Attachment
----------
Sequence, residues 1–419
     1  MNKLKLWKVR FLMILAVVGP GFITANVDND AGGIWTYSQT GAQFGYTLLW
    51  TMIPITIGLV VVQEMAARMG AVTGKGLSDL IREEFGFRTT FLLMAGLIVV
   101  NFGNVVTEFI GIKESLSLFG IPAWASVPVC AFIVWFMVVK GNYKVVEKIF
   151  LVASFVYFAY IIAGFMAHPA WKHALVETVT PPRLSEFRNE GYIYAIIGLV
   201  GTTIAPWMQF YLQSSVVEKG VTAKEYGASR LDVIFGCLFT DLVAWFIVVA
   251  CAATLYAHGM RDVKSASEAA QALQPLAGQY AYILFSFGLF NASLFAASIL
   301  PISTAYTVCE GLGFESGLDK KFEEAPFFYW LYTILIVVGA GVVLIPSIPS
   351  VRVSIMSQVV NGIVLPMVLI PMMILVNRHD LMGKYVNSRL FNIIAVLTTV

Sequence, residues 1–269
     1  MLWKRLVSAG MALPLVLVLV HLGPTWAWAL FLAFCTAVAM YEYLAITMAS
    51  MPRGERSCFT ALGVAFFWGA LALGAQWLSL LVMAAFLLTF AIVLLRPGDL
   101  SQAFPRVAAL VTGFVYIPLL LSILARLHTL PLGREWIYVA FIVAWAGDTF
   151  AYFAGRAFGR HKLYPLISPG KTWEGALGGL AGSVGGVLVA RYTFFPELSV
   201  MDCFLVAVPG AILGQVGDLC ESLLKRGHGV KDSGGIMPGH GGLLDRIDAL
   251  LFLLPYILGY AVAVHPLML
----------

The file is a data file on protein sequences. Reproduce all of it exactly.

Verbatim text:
Sequence, residues 1–419
     1  MNKLKLWKVR FLMILAVVGP GFITANVDND AGGIWTYSQT GAQFGYTLLW
    51  TMIPITIGLV VVQEMAARMG AVTGKGLSDL IREEFGFRTT FLLMAGLIVV
   101  NFGNVVTEFI GIKESLSLFG IPAWASVPVC AFIVWFMVVK GNYKVVEKIF
   151  LVASFVYFAY IIAGFMAHPA WKHALVETVT PPRLSEFRNE GYIYAIIGLV
   201  GTTIAPWMQF YLQSSVVEKG VTAKEYGASR LDVIFGCLFT DLVAWFIVVA
   251  CAATLYAHGM RDVKSASEAA QALQPLAGQY AYILFSFGLF NASLFAASIL
   301  PISTAYTVCE GLGFESGLDK KFEEAPFFYW LYTILIVVGA GVVLIPSIPS
   351  VRVSIMSQVV NGIVLPMVLI PMMILVNRHD LMGKYVNSRL FNIIAVLTTV

Sequence, residues 1–269
     1  MLWKRLVSAG MALPLVLVLV HLGPTWAWAL FLAFCTAVAM YEYLAITMAS
    51  MPRGERSCFT ALGVAFFWGA LALGAQWLSL LVMAAFLLTF AIVLLRPGDL
   101  SQAFPRVAAL VTGFVYIPLL LSILARLHTL PLGREWIYVA FIVAWAGDTF
   151  AYFAGRAFGR HKLYPLISPG KTWEGALGGL AGSVGGVLVA RYTFFPELSV
   201  MDCFLVAVPG AILGQVGDLC ESLLKRGHGV KDSGGIMPGH GGLLDRIDAL
   251  LFLLPYILGY AVAVHPLML